[Extract from the book – Life Ahead: On Learning and the Search for Meaning by J Krishnamurti]
Parents should understand the kind of education the school intends to give. Generally they are satisfied to see their children preparing to get a degree of some kind which will assure them of a livelihood. Very few are concerned with more than this. Of course, they wish to see their children happy, but beyond this vague desire very few give any thought to their total development. As most parents desire above all else that their children should have a successful career, they frighten or affectionately bully them into acquiring knowledge, and so the book becomes very important; and with it there is the mere cultivation of memory, the mere repetition without the quality of real thought behind it.
Perhaps the greatest difficulty the educator has to face is the indifference of parent to a wider and deeper education. Most parents are concerned only with the cultivation of some superficial knowledge which will secure their children respectable positions in a corrupt society. So the educator not only has to educate the children in the right way, but also to see to it that the parents do not undo whatever good may have been done at the school. Really the school and the home should be joint centres of right education, and should in no way be opposed to each other, with the parents desiring one thing and the educator doing something entirely different. It is very important that the parents be fully acquainted with what the educator is doing, and be vitally interested in the total development of their children. It is as much the responsibility of the parents to see that this kind of education is carried out, as it is of the teachers, whose burden is already sufficiently heavy. A total development of the child can be brought about only when there is the right relationship between the teacher, the student and the parents. As the educator cannot yield to the passing fancies or obstinate demands of the parents, it is necessary for them to understand the educator and co-operate with him, and not bring about conflict and confusion in their children.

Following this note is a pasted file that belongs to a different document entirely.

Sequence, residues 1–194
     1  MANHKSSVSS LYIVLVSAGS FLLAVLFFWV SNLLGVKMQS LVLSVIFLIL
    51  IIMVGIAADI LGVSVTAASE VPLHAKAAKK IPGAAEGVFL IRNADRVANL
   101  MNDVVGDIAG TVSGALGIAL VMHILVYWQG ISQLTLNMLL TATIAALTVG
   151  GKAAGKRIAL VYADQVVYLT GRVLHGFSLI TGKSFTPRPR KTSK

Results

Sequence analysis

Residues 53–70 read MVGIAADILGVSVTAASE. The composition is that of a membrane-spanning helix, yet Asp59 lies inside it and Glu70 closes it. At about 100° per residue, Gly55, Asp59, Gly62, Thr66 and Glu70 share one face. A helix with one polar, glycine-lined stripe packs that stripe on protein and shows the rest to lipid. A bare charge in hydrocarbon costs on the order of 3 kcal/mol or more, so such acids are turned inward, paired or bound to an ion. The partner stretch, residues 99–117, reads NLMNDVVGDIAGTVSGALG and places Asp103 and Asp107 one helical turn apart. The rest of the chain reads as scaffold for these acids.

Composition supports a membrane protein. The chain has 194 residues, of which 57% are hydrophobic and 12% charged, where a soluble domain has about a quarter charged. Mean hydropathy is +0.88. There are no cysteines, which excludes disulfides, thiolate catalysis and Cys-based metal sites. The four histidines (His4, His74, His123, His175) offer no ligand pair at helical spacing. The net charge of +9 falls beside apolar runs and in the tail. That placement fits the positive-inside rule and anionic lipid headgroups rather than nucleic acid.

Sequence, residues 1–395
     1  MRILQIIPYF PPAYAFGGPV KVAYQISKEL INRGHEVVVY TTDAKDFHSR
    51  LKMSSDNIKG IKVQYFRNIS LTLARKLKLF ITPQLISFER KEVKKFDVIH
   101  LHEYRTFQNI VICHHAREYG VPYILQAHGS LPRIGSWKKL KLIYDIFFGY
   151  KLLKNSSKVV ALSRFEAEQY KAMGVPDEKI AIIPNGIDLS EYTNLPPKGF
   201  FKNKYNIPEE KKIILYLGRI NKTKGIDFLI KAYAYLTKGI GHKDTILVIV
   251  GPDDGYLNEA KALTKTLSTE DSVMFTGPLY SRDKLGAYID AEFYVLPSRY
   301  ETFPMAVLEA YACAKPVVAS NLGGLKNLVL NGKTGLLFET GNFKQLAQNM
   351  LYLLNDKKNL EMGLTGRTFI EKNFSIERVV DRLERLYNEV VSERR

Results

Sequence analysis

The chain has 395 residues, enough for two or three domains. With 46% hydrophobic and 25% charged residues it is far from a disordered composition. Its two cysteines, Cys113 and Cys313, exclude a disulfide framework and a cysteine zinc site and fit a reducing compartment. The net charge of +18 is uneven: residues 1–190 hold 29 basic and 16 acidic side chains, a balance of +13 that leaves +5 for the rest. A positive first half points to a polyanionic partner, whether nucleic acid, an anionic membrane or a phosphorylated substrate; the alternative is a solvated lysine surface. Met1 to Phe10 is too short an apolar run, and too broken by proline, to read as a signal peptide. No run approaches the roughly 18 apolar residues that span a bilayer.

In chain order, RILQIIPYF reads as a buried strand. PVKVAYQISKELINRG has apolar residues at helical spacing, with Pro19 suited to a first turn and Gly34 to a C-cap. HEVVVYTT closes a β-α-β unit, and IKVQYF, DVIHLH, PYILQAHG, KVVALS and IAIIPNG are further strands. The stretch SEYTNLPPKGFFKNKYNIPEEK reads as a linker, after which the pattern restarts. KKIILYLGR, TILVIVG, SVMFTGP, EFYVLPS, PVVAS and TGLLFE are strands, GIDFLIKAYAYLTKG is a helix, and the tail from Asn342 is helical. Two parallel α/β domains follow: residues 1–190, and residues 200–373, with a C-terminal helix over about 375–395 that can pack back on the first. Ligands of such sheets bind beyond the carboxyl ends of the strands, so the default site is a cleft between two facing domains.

The child’s natural curiosity, the urge to learn exists from the very beginning, and surely this should be intelligently encouraged continually, so that it remains vital and without distortion, and will gradually lead him to the study of a variety of subjects. If this eagerness to learn is encouraged in the child at all times, then his study of mathematics, geography, history, science, or any other subject, will not be a problem to the child or to the educator. Learning is facilitated when there is an atmosphere of happy affection and thoughtful care.